We're grieving the loss of normal and, right now, we're all pretty mad about it.

By Kristi Pahr
April 20, 2020
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If you've been anywhere near social media lately, you've probably seen your fair share of cutesy pandemic lockdown pictures–the ones where the kids are all smiles, engaged in learning, in an Instagram perfect reading nook. But chances are you've seen the opposite as well. Posts from moms figuratively throwing the isolation-school lesson plan out the window, throwing their hands up, and turning on the TV for their kids. Lots of moms are mad right now. Mad at the world, mad at coronavirus, mad at the school system, mad at their kids and their partners. Just mad. At everything.

And you know what? That's OK.

There's a lot to be mad about right now sure, but anger is also one of the recognized stages of grief and it looks like we're all hitting it right about now.

First, there was shock: We couldn't believe this was really happening. Are they really closing schools? Are we really going to have to stay home? We saw cities shutting down across the country but when lockdown came to our towns we were surprised. How could this be happening in 2020 in the United States?

Then denial: Surely it won't be too long. I bet the kids will be back to school in no time. This virus is no big deal, let's all go out to eat, I bet it'll be easy to get a table.

Now, we're firmly in the anger stage where we're all just collectively mad at our circumstances. We've realized that we're in it for the long haul, that things won't be going back to normal any time soon, and we're more than a little upset. How are we supposed to work from home, teach our kids, sanitize everything from the groceries to the mail to the bottom of our freaking shoes, keep everyone in the family from getting sick, keep the kids from killing each other, cook every single meal, and keep the house from becoming a toxic waste dump? How?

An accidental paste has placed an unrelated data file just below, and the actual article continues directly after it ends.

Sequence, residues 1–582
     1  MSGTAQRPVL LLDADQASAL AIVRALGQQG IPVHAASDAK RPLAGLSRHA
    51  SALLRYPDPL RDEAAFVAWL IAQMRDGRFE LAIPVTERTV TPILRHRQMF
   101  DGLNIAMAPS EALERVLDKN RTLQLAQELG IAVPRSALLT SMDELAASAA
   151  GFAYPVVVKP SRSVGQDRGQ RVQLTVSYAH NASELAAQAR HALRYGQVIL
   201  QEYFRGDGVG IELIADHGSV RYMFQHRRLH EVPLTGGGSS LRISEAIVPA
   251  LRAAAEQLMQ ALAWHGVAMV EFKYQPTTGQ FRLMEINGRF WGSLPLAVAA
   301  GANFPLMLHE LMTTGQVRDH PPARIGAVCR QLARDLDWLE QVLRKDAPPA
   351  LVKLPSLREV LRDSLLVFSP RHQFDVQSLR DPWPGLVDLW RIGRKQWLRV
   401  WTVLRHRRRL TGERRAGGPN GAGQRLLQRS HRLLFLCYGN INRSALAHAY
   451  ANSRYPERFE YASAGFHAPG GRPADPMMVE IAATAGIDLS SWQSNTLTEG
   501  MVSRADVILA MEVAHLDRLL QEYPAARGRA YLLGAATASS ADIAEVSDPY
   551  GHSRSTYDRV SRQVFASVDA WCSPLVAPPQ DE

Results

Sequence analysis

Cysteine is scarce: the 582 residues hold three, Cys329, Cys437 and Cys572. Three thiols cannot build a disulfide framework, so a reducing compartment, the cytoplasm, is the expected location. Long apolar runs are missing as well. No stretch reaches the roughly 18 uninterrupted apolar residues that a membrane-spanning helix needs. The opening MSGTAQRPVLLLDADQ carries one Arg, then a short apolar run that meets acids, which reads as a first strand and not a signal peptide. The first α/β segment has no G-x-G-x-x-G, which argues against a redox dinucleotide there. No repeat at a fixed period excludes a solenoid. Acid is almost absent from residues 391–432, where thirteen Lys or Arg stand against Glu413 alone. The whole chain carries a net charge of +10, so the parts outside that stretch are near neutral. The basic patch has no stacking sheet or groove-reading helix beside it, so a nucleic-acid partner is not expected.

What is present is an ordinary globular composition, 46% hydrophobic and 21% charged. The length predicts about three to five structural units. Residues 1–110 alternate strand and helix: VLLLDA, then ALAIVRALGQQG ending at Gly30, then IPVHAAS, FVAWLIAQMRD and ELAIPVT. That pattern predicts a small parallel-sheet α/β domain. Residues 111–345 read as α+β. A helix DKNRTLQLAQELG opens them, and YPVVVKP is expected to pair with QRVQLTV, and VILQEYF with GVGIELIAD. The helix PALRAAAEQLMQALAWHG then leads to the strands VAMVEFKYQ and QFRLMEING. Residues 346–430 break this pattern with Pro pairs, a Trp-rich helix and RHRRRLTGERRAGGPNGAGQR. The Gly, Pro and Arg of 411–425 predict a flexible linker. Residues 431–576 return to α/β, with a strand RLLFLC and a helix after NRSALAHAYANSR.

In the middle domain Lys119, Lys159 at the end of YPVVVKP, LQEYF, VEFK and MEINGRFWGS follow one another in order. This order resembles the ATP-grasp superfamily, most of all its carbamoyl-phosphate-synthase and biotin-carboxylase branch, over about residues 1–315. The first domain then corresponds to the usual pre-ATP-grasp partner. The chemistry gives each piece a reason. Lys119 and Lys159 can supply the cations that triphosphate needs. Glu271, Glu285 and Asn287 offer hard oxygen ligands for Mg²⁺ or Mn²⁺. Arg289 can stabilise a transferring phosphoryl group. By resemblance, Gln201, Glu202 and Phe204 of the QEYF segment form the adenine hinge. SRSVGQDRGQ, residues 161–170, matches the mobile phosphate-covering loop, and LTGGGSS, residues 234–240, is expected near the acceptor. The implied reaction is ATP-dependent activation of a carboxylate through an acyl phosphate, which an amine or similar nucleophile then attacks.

"We are all in collective grief right now and are showing various emotional reactions to what we are experiencing. Generally, we lack collective practices to help us release grief. In my opinion, this is one reason why grief and sadness tend to go 'underground.'" explains Sherry Cormier, Ph.D., a psychologist and professor emeritus at West Virginia University and bereavement specialist. "Once we start having more open discussions about the losses we are currently all experiencing, and support one another in our feelings of sadness and sorrow, we have a better opportunity of transforming grief into growth."

It helps that we're seeing a lot of other people be angry though. It lets us know that we aren't alone, that we aren't outliers, that we aren't the only ones who aren't handling all this very well. This is hard and we have every right to be angry.

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"There is so much uncertainty and fear," explains Dr. Cormier. "What we need to remember is that underneath our anger and overwhelm may be a certain sadness and loss of hope about our present and future paths. The present conditions are challenging for many parents and families and the future is unknown. All of us are losing someone or something during this pandemic event. Once we go deeper and acknowledge our sadness, often the anger lessens."

So be angry moms, be angry and know it's healthy. It's a normal response to losing the life you had just two months ago, the control you had just two months ago, and to the feeling of normalcy you had just two months ago. Be mad and know that we're all out here mad right along with you. You're not in this alone.

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